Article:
December 20, 2021
Barry C. Melancon CPA, CGMA President, CEO, American Institute of CPAs
These two years demonstrated how tech-savvy our profession can be, given the rapid embrace of remote work solutions and changing business models. We know that a continued tech focus will propel us into the future.
In this interview, Barry Melancon, CPA, CGMA, President and CEO of the American Institute of CPAs (AICPA) and CEO of the Association of International Certified Professional Accountants (the Association), reflects on another extraordinary year and how the profession is preparing for 2022 and beyond.
Twelve months ago, you described 2020 as a “historic” year for the profession. How does 2021 compare?
Around the world, accountants and finance professionals demonstrated their role as the “most trusted adviser.” The profession delivered on its purpose, meeting the demands of a constantly changing, disruptive world to drive prosperity and opportunity for those who count on us. I’m very proud of the way the profession rallied around people, businesses and communities grappling with the economic fallout of the pandemic.
Since the start of 2020, we’ve grown, learned and evolved in extraordinary circumstances. We’ve made great strides in a short amount of time. Throughout our history, our profession has adapted. That’s how we thrived. Our work around COVID-19 is a continuation of that legacy.
How has the Association of International Certified Professional Accountants helped the profession navigate a second year of the pandemic?
The COVID-19 pandemic continues to cause enormous ripple effects across the globe. Many of our members, students and the accounting and finance community at large are still experiencing uncertainty, even as we make progress toward recovery. That’s why the AICPA® & CIMA®, through the Association, continue to stand behind the profession through our support with resources, guidance and advocacy work.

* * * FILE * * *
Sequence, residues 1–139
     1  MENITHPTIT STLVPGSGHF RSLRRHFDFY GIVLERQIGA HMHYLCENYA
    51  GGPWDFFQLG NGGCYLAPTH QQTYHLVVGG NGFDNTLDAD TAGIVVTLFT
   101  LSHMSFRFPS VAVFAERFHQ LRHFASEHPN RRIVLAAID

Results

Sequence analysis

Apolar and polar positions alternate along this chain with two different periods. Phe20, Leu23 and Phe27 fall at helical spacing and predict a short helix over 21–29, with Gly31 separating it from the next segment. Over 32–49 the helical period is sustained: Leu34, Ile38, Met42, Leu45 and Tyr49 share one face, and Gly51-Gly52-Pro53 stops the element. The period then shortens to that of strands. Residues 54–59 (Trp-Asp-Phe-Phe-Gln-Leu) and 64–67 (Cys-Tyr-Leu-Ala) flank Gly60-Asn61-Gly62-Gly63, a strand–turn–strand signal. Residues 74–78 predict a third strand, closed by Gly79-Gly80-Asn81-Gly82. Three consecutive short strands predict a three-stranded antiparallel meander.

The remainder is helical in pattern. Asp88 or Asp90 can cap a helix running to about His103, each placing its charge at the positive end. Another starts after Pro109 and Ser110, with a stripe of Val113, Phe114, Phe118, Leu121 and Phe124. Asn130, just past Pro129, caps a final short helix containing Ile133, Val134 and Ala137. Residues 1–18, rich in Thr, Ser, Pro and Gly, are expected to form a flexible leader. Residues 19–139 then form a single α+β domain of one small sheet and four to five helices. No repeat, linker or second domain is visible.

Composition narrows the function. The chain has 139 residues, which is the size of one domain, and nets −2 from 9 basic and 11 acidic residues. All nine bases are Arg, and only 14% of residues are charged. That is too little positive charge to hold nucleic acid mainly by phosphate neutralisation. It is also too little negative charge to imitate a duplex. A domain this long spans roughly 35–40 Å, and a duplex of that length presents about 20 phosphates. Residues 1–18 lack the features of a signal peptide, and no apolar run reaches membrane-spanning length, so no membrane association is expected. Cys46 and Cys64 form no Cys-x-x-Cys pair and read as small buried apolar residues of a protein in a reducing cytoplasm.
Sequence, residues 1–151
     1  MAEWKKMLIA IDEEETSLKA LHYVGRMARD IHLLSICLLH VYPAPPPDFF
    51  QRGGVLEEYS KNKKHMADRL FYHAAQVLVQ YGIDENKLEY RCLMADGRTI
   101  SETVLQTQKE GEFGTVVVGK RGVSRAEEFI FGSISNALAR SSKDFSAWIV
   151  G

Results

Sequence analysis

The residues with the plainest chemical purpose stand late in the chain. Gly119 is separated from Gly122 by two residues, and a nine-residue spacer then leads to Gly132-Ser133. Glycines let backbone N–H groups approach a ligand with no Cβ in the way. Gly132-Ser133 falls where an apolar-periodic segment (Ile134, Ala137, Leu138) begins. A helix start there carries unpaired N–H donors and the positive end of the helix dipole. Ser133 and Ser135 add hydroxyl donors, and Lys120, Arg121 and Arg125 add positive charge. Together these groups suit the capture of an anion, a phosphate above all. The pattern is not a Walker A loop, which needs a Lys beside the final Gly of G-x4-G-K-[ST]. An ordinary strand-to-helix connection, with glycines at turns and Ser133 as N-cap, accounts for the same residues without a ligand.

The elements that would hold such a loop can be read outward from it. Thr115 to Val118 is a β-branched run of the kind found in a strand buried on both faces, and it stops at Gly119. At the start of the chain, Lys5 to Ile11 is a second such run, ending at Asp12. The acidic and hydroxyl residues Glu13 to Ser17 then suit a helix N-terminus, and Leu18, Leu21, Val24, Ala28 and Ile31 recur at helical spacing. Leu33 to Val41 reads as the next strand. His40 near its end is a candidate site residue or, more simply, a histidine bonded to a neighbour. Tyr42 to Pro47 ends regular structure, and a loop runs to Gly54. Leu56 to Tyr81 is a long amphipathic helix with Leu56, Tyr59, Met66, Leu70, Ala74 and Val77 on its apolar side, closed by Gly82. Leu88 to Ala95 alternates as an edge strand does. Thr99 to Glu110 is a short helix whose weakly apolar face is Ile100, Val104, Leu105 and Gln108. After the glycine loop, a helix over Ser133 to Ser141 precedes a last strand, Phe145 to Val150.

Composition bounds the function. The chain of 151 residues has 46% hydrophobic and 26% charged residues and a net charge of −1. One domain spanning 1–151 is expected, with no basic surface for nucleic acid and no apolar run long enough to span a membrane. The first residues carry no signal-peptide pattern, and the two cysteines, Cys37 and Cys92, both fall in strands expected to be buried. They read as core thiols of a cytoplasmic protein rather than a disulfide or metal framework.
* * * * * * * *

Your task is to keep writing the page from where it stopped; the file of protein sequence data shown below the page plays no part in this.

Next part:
In this turbulent time, staying up to speed is critical. To that end, together with CPA.com, we’ve taken steps, such as maintaining the popular bi-monthly AICPA Town Hall broadcasts to deliver real-time insights on the most salient issues the profession faces. This year, we expanded the Town Halls into a podcast series. Meanwhile, the CIMA Economic Recovery Resource Centre provides members and students access to news, resources and guidance to help them advise their organizations and customers.
You mentioned last year that advocacy has become more essential to public policy changes than ever before. What would you say about 2021?
We have further stepped up our advocacy efforts during 2021 to respond to the pandemic, promote economic recovery and support positive change while continuing to represent members’ interests to the government.
It would be difficult to quickly list all of the monumental achievements from our advocacy efforts this year, but a few highlights include:
In the United States, we continue to offer recommendations on key policy issues, including tax and Paycheck Protection Program (PPP) concerns. In spring, we successfully advocated for a 60-day extension of the PPP application deadline and a one-month postponement for individual federal income tax returns deadlines and payments.
We supported long-term sustainable economic recovery in the U.K. through meetings between key stakeholders and CIMA representatives. In the most recent Spring Budget in March 2021, the Chancellor announced in his budget 16 of CIMA’s recommendations put forth in our 2020 40-point plan. This month, we released recommendations on Tackling the U.K. productivity puzzle.
We also accelerated economic recovery by advocating on behalf of small-to-medium-sized entities, skills building and professionalism in Hong Kong, South Africa, Poland, Ghana and the U.S., among others.
Of course, enhancing audit quality globally always remains a top priority. In the U.S., through our Enhancing Audit Quality initiative, we develop resources and guidance to help auditors navigate challenges, such as auditing remotely, heightened fraud risk and single audit implications. In the U.K., we continue to monitor and critique U.K. Audit Reform.
Many describe both 2020 and 2021 as years of “great acceleration.” That is particularly true when it comes to technology. How has the Association helped encourage the adoption of technology in the profession?